Factual Friday

Well, hello, hello, hello! And welcome to this week’s edition of FACTUAL FRIDAY! Today, we’re going to get to go over some great tips I’ve found to be very helpful when it comes to writing independently, I’ll share what’s going on in the new books I’m reading, and I get to tell you how far along the publishing process is with my book! giphyTo say I’m little excited about my upcoming book would be an understatement. But before I even start on that, let’s talk tips, shall we?


Tips and Tricks for Independent Authors

I guess I don’t post enough stuff about independent writers and my excitement about their books and all that because I get so many authors emailing me and asking if I accept independent work!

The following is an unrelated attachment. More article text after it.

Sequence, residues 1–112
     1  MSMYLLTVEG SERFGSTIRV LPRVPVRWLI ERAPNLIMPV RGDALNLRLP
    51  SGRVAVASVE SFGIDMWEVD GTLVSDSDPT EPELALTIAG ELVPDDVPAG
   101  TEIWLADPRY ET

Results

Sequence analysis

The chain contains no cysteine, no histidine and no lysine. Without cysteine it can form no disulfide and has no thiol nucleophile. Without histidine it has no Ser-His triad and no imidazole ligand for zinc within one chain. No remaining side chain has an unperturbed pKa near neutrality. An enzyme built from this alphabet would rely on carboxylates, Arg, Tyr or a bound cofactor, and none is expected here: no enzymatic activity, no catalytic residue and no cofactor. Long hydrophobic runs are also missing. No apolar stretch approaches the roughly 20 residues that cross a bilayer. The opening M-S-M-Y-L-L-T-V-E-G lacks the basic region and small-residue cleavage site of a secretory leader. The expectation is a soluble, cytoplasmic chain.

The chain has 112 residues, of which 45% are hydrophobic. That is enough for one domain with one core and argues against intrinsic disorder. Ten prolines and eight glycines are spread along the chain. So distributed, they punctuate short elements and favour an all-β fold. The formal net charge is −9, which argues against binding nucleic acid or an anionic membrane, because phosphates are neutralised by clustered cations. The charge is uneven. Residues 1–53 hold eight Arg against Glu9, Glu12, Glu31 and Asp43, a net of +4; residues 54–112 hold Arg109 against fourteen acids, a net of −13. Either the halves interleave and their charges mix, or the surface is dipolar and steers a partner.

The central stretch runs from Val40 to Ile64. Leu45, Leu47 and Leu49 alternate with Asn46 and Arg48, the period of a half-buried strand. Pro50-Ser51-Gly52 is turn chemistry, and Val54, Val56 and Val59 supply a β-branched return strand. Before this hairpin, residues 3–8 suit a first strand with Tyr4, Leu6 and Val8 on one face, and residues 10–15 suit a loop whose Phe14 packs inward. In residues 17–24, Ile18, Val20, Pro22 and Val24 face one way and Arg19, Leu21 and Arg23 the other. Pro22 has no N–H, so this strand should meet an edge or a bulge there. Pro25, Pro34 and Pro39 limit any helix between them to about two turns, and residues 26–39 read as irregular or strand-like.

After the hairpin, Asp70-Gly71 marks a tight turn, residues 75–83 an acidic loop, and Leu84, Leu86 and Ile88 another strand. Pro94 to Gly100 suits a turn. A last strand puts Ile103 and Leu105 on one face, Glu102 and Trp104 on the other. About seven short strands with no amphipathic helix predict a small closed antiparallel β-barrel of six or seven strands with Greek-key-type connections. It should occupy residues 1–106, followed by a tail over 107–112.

So, just to set the record straight, yes. I accept independent work, and sometimes I like it better! Yes, it’s true, all the publishing companies get the better editors and fancy fonts and pretty covers and all that good stuff but we can get that too, can’t we? Yeah, it takes a little longer but it’s so worth it! And isn’t it more satisfying to look at your book and say, “Yeah, I put that together…” as opposed to saying, “Oh, isn’t it beautiful? What, did make it? Ha … um … I okayed it …”

Okay, hear me out. I’m so not bashing publishing companies ― we need ’em! ― I’m just saying … COME ON, INDIE WRITERS, LET’S SHOW THE WORLD WHAT WE’RE MADE OF!

Alright, alright, I know I said this was a tips and tricks thing, I promise I’m getting there. In fact, I’m getting there right now.